True story: My husband cold called on multiple local organizations while home on leave—nine months BEFORE he was scheduled to separate from active duty military. He went to each company after conducting the proper research on the right person to speak with at each one; he asked for the person by name; spoke to them about his experience; and after leaving, he kept the lines of communication open. Ultimately, he was offered jobs at three of the four places he had cold called on. These offers were made six months before he separated from active duty—while he was stationed overseas. Two of those positions they offered to create just for him. I think that’s a pretty incredible outcome.

The moral of the story … there is hope! You may not be active duty military stationed in another country with a six-month wait before you can return home to start work—but doesn’t that prove against the odds that cold calling can still work, and make an impact. And my husband’s story isn’t the exception to the rule. Over the past year, as I’ve shared more about cold calling as a job search method, I’ve heard from many job seekers about their success using this method too—from having positions created for them to being referred to other companies who needed someone. It’s simply an incredibly effective job search method.


Not everyone is targeting a small to mid-sized company. So what do you do if you can’t really cold call in person, or you’ve tried but the gatekeeper isn’t helping? You cold call on the phone!

Instead of reinventing the wheel, I’m going to refer you to this amazingly on-point article on Forbes.com about cold calling. Robert Hellman hits the ball out of the park with his very specific tips on cold calling over the phone and via e-mail. Here’s a link to that article: http://www.forbes.com/sites/susanadams/2014/04/22/how-cold-calling-can-land-you-a-job/. I highly recommend you read it.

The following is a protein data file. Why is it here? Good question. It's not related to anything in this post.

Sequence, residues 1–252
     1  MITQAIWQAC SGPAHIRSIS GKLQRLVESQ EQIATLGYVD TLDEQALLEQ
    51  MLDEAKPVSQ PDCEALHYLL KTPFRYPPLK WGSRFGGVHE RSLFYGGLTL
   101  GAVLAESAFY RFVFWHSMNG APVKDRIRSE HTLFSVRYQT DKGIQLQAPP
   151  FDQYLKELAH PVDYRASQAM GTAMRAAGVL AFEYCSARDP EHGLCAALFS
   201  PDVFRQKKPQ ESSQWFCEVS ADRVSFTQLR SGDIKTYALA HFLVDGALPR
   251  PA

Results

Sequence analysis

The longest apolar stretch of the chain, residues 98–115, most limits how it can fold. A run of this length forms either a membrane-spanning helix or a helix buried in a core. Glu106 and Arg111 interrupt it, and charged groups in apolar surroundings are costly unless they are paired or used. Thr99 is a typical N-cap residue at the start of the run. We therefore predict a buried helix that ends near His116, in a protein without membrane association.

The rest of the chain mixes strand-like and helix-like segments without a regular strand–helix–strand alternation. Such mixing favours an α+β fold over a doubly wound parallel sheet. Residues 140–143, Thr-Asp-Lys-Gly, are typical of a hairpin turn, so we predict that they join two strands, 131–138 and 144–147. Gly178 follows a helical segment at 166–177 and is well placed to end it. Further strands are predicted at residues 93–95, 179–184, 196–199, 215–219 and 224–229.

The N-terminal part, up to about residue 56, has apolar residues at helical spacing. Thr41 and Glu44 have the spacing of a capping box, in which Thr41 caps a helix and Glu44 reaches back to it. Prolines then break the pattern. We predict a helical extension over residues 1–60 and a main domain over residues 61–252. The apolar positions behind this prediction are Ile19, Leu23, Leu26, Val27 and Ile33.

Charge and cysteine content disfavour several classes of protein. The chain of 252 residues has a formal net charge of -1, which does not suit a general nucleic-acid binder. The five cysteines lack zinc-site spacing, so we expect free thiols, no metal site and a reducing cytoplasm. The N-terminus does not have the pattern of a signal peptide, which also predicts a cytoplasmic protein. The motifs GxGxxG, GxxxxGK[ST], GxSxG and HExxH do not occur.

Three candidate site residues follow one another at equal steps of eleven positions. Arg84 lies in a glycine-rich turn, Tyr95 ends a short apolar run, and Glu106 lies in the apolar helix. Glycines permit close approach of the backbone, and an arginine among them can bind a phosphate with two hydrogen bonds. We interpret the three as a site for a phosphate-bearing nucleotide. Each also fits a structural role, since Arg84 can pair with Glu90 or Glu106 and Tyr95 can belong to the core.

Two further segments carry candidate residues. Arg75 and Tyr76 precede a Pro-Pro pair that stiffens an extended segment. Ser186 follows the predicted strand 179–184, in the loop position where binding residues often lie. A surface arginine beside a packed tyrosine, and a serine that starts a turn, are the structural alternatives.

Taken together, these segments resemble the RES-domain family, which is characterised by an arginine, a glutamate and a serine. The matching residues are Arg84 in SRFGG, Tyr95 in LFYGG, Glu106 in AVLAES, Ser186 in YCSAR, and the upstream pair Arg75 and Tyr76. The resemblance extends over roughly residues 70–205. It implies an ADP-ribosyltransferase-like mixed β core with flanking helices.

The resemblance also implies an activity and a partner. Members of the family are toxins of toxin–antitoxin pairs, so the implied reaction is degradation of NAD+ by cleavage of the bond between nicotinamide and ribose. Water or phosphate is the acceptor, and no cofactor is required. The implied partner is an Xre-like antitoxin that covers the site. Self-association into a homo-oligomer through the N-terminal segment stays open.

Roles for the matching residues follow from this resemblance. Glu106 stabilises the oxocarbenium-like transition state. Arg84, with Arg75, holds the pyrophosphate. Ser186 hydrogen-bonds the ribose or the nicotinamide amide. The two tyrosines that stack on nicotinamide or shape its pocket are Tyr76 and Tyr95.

My favorite tips are about how to do the research to get the name, and then writing a great subject line for your e-mail. It’s these little tips that make it much more successful!

The most important point I want you to take away from this article is that you don’t have to feel frustrated and stressed out during your job search; there are alternative ways to search, besides using job boards, that will help you land a position more quickly and easily.

Cold calling is one of those great techniques—and even though it may seem a bit uncomfortable at first, the more you do it, the more comfortable you’ll feel, and the easier it will become. While we’re on the topic of cold calling and networking, let’s connect on LinkedIn! Feel free to send me an invite here.

You can also follow me on Twitter here.

This article is a part of my series, Hope for Your Job Search. This series is about helping relieve job seekers of the stress and frustration often associated with job searching and to show them that there is HOPE for a successful and short job search.

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About the author

Jessica Hernandez, President, CEO & Founder of Great Resumes Fast

Hi, I’m Jessica. I started this company back in 2008 after more than a decade directing hiring practices at Fortune 500 companies.

What started as a side hustle (before that was even a word!) helping friends of friends with their resumes has now grown into a company that serves hundreds of happy clients a year. But the personal touch? I’ve kept that.

You might have seen me featured as a resume expert in publications like Forbes, Fast Company, and Fortune. And in 2020, I was honored to be named as a LinkedIn Top Voice of the year!

I’m so glad you’re here, and I can’t wait to help you find your next perfect-fit position!